The success of the San Jose “controlled choice” plan launched a 25-year collaboration between Willie and Alves as co-desegregation planners that resulted in the development of race-conscious, controlled-choice desegregation and school improvement plans in numerous school districts throughout the United States including Little Rock AK, Seattle WA, Boston MA, St. Lucie FL, Milwaukee WI, Lee County FL, Brockton MA, and Rockford IL. Our journey also included an innovative socioeconomic desegregation plan for Charleston SC and the honor of serving as the original desegregation planning experts for John Britain and his legal team in the Sheff inter-district magnet schools state desegregation case in Connecticut.

Together we authored two books: Controlled Choice: A New Approach to Desegregated Education and School Improvement in 1996 and Student Diversity, Choice, and School Improvement in 2002 with our colleague Ralph Edwards as well as numerous reports and journal articles. While Dr. Willie achieved a great legacy in promoting desegregation plans that were simultaneously effective, fair, and educationally sound and he was a true believer in the power of unconditional love, he was exasperated by the Supreme Court’s gutting of our race-conscious controlled choice in Seattle in 2008, twenty-two years after it was voluntarily approved and successfully implemented. He was equally exasperated when a new Mayoral appointed Boston School Committee effectively dismantled our inherently fair and educationally progressive controlled choice plan in 2001.

Despite these setbacks, the legacy of Charles Willie will live on for the believers in justice and fairness for all school children and their families. Although the Supreme Court has attempted to undermine Chuck’s advocacy for racial desegregation, his legacy lives on through the development of racially desegregative multifaceted controlled choice socioeconomic student assignment plans that are currently being implemented throughout the country that include the new Sheff multifaceted socioeconomic inter-district student desegregation plan that is being implemented in Connecticut.

Finally on a personal note, I will always remember the true essence of Charles Willie when he sang the iconic song Nature Boy as a blessing for me and my wife Ann at our wedding with the eternally true final lyric “The greatest thing you’ll ever learn is just to love and be loved in return.”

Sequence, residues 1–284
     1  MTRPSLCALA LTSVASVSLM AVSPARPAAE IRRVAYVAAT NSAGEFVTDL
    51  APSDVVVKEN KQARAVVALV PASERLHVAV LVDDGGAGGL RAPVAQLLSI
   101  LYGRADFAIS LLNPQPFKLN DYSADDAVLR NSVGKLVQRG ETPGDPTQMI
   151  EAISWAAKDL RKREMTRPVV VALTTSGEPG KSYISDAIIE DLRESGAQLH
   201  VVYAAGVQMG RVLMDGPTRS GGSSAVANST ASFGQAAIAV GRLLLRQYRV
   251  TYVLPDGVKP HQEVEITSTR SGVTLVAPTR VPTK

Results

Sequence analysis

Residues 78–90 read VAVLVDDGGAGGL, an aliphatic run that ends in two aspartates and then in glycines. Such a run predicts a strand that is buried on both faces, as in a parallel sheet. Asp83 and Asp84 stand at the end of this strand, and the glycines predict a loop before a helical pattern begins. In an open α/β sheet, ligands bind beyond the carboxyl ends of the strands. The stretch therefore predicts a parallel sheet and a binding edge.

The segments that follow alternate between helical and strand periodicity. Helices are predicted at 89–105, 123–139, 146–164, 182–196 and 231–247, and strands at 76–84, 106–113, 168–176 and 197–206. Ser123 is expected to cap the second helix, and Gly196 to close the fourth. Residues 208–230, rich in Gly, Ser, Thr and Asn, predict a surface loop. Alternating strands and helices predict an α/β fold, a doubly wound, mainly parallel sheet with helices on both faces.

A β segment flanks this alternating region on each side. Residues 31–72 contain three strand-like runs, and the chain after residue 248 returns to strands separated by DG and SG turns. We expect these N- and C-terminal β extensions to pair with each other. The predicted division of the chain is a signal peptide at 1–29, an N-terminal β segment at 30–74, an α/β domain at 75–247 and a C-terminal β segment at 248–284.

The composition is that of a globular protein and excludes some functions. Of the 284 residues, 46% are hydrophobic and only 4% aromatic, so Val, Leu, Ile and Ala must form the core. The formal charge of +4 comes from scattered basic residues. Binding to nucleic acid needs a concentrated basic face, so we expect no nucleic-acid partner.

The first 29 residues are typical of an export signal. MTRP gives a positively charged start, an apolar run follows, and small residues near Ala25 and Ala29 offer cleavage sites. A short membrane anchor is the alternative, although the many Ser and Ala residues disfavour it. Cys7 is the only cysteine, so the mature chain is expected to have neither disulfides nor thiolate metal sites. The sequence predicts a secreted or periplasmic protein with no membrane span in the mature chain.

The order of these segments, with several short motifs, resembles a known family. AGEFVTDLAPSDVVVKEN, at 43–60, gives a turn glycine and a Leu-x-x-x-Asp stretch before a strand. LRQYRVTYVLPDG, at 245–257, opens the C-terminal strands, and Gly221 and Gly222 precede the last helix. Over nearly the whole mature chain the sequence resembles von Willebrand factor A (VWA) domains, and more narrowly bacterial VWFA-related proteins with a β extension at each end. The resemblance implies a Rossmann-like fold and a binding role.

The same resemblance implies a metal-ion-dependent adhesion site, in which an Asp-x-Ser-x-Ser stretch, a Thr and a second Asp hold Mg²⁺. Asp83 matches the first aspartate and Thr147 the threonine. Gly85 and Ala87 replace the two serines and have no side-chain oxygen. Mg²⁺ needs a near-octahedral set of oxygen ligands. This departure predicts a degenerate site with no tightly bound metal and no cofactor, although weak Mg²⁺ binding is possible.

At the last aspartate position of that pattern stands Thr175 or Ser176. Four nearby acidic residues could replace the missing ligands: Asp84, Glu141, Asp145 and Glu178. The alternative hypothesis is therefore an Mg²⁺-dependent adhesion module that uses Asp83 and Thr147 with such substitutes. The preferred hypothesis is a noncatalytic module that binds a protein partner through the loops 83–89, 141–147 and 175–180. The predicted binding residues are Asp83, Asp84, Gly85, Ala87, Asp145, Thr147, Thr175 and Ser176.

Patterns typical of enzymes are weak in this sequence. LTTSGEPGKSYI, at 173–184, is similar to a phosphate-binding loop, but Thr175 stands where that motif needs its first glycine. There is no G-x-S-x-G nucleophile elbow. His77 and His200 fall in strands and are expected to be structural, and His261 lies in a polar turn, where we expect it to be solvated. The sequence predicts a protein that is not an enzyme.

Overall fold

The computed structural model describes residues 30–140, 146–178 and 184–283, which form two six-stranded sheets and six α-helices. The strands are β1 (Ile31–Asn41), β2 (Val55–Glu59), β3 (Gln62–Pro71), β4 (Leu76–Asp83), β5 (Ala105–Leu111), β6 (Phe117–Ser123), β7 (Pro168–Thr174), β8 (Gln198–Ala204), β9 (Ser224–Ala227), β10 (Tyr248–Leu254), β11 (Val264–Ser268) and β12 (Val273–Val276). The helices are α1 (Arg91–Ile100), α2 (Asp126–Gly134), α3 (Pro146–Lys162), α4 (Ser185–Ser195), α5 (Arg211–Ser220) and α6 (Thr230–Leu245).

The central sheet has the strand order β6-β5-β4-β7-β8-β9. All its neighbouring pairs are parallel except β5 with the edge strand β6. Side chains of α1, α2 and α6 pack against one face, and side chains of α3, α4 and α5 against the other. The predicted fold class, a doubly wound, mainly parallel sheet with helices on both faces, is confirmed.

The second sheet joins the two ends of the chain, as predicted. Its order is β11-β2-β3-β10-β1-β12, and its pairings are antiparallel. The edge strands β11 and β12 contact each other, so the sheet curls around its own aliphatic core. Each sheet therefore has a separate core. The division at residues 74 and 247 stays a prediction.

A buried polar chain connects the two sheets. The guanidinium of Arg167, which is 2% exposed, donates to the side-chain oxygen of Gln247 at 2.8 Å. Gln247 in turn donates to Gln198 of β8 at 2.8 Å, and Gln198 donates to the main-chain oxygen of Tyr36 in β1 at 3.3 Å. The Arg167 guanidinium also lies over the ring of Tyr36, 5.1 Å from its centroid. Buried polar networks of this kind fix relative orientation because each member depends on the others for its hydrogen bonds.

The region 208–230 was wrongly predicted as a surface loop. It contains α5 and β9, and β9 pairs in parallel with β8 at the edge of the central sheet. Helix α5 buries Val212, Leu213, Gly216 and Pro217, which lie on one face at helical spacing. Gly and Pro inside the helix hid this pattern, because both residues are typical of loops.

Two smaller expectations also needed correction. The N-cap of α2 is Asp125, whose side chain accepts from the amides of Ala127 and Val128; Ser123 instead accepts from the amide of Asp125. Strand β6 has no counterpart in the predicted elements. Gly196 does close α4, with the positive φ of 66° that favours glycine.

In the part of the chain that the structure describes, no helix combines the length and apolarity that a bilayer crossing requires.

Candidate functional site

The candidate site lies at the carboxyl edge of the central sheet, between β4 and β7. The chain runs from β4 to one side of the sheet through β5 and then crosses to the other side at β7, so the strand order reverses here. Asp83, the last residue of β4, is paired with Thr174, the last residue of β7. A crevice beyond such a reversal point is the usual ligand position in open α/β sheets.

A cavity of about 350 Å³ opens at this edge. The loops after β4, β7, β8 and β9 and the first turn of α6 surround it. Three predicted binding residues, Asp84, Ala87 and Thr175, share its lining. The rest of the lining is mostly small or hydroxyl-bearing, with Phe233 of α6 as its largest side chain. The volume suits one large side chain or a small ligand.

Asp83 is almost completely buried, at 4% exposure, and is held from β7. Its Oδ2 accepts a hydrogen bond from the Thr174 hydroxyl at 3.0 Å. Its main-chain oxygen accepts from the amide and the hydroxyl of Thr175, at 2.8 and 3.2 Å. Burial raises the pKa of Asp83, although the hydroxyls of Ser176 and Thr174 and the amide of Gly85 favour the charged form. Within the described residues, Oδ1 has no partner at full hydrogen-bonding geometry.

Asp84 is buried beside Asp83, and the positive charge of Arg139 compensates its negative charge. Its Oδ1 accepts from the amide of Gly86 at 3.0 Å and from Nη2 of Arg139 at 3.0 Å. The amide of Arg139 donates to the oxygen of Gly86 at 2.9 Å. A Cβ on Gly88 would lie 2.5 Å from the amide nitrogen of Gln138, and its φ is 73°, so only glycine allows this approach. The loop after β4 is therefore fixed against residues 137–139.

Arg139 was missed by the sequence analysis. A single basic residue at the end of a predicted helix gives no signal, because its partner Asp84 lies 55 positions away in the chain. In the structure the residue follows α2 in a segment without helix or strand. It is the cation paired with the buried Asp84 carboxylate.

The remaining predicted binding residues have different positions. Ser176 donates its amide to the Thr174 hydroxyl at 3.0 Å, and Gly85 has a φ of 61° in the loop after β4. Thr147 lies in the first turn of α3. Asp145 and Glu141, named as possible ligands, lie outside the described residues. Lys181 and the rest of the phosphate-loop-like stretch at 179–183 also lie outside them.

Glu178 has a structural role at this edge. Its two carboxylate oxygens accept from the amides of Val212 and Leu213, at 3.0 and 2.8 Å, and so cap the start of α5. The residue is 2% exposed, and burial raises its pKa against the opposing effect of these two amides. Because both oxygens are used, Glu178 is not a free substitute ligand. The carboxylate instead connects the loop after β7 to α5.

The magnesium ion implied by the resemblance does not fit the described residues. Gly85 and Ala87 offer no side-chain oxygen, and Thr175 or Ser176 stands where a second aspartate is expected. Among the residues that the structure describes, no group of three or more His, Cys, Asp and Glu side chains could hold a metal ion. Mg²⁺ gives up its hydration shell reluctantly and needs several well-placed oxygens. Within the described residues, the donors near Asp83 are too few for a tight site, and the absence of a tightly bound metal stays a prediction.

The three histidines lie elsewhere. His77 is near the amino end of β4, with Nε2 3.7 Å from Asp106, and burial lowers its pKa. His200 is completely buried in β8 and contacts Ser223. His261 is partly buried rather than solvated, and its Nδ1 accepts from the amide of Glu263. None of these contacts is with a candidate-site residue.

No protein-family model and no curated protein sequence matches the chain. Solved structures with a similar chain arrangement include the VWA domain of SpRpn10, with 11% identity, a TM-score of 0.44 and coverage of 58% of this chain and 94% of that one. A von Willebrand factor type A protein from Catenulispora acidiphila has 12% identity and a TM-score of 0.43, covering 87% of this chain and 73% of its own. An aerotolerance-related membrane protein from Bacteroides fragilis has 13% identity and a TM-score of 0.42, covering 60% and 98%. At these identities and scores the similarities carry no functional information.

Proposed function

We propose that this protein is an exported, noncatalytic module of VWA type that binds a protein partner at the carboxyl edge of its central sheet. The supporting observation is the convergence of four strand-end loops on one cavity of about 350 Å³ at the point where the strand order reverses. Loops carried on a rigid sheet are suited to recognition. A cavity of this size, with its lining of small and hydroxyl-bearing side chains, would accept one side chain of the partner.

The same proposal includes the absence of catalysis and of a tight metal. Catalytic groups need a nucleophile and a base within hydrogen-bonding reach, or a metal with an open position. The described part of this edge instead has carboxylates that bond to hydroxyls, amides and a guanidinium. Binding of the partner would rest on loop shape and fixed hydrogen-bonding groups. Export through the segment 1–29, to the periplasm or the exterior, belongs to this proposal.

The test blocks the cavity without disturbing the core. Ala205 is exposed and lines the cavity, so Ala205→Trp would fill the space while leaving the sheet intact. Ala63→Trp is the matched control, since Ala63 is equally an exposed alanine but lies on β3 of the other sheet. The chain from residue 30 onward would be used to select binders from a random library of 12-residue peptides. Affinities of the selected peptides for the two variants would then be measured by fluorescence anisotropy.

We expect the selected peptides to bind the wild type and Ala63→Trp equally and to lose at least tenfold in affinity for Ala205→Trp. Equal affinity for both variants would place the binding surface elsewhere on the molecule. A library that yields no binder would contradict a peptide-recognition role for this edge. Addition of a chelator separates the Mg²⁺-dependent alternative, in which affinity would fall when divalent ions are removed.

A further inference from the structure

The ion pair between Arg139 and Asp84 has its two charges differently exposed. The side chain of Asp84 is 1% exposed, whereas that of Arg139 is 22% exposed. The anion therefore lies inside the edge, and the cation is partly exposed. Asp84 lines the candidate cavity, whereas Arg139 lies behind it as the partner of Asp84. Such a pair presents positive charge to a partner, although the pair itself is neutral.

Godspeed, dear friend.


John C. Brittain: As a law professor and civil rights lawyer who worked with Dr. Charles “Chuck” Willie as an expert in school desegregation cases, including the Connecticut landmark Sheff v. O’Neill case where Dr. Willie testified in the trial, I highly applaud his tremendous achievements in school equality. However, I choose to honor the legacy of Dr. Willie who fought for equality in The Episcopal Church.

As an African American, I grew up in a high Episcopal Church in Norwalk, Connecticut serving as an acolyte and thurifer who swung the canister filled with smoke from burning incense during services. The churches were nearly all-White throughout the New England states. However, during my matriculation at Howard University from 1962 (BA) to 1969 (JD), I learned to appreciate the civil rights struggle within the Episcopal Church featuring Reverend Pauli Murray, the first ordained Black female priest in 1977, whom I first met at Howard Law School, and Reverend Quinland Gordon, a Black office holder on the Executive Council of the Episcopal Church, who married my wife and I.

The work of Dr. Willie and many Episcopalians paved the way to The Episcopal Church to elect Michael Curry, the first African American presiding bishop in 2015. May God bless you, Chuck.

Richard Kahlenberg: Chuck Willie always believed in his bones that the cause of racial and economic school desegregation is just. And because it is just, he thought it was incumbent on everyone to figure out ways to make it a reality by reducing political opposition. Willie and his colleague Michael Alves came up with a brilliant answer to the unpopularity of compulsory bussing: marry the attractive idea of public school choice to equity goals. Thousands of school children are better off because of this shrewd innovation and many more will be if additional school districts adopt their approach.